Judge Janice Cunningham delivered a 40- to 125-year sentence to Larry Nassar on Monday, bringing the criminal proceedings against the convicted child molester to a conclusion. More than 260 girls and women have asserted abuse by Nassar who, often under the guise of medical treatment, digitally penetrated and fondled them.
The sentence, for three sexual assault counts Nassar admitted to committing at a local gymnastics center in Dimondale, Mich., doesn’t lengthen what already amounts to a life sentence for the 54-year-old, as he will serve it concurrently with the 40- to 175-year sentence he received last month for seven counts of sexual assault in Lansing, Mich. The former Michigan State University and Olympic gymnastics physician also must serve a 60-year federal term for child pornography charges.
Monday’s sentence brought an end to a three-day hearing featuring 65 emotional impact statements from girls and women who asserted abuse by Nassar, as well as some parents, including Randall Margraves, the father who tried to attack Nassar in court Friday before he was restrained by law enforcement officers. Lauren, Morgan and Madison Margraves — Randall Margraves’s daughters — said they were abused by Nassar.
“I realize they may never trust a man again,” their father said Friday.
Wearing an orange jumpsuit, Nassar spoke briefly before receiving his sentence.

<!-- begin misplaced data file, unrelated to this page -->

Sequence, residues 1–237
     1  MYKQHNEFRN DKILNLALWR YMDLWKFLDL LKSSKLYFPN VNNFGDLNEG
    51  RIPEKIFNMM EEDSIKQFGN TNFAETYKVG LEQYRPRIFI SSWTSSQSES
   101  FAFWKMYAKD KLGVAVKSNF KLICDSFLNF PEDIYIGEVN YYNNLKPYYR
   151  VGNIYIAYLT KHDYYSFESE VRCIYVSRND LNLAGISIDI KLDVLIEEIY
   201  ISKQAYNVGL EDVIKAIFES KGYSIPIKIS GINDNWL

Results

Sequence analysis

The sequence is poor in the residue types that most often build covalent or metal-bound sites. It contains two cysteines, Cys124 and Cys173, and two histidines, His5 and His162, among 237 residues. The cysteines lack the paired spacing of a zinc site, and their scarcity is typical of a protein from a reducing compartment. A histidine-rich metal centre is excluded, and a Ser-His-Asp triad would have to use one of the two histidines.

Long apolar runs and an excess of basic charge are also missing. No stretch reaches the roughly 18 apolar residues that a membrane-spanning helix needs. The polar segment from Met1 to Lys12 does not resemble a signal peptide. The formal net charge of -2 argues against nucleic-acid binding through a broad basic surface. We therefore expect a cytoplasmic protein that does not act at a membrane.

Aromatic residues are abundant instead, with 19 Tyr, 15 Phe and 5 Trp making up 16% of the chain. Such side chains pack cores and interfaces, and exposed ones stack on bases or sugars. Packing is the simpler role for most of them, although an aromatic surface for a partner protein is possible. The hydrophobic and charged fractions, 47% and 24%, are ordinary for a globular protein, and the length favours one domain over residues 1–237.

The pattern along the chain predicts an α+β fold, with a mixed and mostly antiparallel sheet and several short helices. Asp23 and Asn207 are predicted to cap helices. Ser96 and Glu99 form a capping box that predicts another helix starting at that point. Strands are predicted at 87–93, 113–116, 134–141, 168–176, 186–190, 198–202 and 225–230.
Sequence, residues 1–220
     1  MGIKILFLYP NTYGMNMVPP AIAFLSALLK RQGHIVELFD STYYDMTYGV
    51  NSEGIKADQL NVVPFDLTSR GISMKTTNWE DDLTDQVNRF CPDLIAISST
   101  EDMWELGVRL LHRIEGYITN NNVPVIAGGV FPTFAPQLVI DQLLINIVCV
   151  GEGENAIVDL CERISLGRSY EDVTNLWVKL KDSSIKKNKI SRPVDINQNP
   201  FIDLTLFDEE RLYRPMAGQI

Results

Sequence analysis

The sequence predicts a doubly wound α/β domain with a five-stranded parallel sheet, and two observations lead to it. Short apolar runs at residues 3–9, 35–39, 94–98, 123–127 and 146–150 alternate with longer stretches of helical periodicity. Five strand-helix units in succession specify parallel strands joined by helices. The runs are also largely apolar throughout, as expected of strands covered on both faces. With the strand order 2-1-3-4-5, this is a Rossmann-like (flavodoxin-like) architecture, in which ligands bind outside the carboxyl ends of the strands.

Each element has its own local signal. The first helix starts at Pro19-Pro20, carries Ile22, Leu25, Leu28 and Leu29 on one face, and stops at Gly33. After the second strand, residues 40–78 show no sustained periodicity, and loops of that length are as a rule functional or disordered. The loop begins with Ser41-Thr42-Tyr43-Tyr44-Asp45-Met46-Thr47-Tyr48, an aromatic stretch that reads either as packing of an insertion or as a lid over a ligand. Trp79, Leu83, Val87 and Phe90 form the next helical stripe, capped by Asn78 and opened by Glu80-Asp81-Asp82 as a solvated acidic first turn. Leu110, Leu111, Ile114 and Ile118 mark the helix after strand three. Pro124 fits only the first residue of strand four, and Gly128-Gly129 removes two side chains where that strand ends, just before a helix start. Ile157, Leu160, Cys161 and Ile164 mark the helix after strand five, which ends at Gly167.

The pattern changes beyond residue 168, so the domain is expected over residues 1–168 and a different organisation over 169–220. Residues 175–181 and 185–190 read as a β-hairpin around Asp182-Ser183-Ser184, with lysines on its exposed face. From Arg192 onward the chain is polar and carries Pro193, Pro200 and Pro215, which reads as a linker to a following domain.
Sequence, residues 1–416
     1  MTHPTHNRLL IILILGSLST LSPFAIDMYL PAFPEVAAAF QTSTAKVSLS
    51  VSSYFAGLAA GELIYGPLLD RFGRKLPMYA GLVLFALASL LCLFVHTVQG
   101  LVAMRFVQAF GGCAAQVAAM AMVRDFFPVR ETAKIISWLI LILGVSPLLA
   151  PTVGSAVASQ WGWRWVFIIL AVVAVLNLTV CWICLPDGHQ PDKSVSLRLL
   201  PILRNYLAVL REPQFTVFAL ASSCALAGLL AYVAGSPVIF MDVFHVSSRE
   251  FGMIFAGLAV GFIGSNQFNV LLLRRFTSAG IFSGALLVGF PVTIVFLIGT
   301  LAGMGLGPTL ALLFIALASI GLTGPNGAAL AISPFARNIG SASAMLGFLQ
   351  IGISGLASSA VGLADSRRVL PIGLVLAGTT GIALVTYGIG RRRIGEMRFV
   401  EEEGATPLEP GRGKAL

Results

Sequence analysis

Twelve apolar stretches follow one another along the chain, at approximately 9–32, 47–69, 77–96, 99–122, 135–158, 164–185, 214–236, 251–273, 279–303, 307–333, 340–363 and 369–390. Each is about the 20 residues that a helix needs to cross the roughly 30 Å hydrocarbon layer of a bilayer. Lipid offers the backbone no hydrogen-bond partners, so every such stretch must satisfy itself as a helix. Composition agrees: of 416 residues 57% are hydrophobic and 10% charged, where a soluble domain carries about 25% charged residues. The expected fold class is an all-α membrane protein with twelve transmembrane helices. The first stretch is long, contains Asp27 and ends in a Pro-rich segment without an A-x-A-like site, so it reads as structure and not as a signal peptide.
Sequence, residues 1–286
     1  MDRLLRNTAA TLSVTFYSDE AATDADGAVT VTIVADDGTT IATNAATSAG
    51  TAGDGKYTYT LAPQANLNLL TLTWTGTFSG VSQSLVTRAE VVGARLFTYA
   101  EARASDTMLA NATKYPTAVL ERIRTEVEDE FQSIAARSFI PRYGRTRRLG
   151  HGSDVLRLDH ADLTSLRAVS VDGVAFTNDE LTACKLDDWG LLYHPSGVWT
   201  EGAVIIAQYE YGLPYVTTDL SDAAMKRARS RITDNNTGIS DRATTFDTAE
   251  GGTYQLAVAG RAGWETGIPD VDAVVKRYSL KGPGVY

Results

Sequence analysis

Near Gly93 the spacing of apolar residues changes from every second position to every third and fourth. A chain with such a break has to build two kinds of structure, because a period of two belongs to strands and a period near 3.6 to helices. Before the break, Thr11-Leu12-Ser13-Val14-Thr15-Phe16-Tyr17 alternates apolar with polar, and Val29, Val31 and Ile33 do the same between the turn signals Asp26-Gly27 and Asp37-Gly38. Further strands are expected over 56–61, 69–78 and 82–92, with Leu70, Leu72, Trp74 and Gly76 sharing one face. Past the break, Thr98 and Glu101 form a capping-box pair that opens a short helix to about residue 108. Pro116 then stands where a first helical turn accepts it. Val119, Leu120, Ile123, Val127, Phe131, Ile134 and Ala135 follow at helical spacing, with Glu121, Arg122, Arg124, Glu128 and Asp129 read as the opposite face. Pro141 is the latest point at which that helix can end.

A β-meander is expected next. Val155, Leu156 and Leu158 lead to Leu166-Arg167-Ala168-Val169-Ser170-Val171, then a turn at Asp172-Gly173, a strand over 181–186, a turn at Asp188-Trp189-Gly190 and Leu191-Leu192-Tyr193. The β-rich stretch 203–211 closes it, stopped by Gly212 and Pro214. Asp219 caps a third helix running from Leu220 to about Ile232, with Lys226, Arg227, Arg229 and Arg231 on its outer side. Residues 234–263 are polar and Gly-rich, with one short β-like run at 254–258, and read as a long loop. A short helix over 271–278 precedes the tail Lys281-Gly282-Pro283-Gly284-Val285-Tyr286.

“The words expressed by everyone that has spoken, including the parents have impacted me to my innermost core . . . It’s impossible to convey the depth and breadth of how sorry I am to each and everyone involved,” he said.
As she issued her sentence, Judge Cunningham termed the scope of Nassar’s crimes “beyond comprehension.” She noted that Nassar still professed his innocence in a letter read aloud by another judge in court last month. He claimed he had been performing legitimate procedures his patients misconstrued as assault.
“I am not convinced that you truly understand that what you did was wrong and the devastating impact that you have had on the victims, their families and friends. Clearly you are in denial,” Cunningham said.
The judge also brought up officials’ slow response to claims made by girls and women Nassar treated.
“It is unfathomable to think about the number of victims who could have been spared” had authorities acted on prior complaints, she said Monday.
Several alleged victims have said they raised complaints about Nassar to coaches and trainers at Michigan State as far back as 1997. A 2004 investigation by a local police force in Michigan cleared Nassar, as did a 2014 investigation by Michigan State police and the university’s Title IX office. An FBI investigation, started in 2015 with a complaint from USA Gymnastics, languished for more than a year. Nassar continued to treat, and allegedly assault, patients at a Michigan State clinic until August 2016, when another victim filed a complaint with Michigan State police and told her story to the Indianapolis Star.
Several members of Congress have called for congressional inquiries into how Nassar avoided prosecution for so long.
Over the course of an FBI investigation and Nassar’s three sentencing hearings, public outrage led to the resignation of Michigan State’s president and athletic director. The school faces lawsuits filed by more than 140 alleged victims and parents, a number that could rise. USA Gymnastics is also facing scores of lawsuits.
USA Gymnastics’ chief executive resigned in 2017, and last month, the organization’s entire board of directors resigned.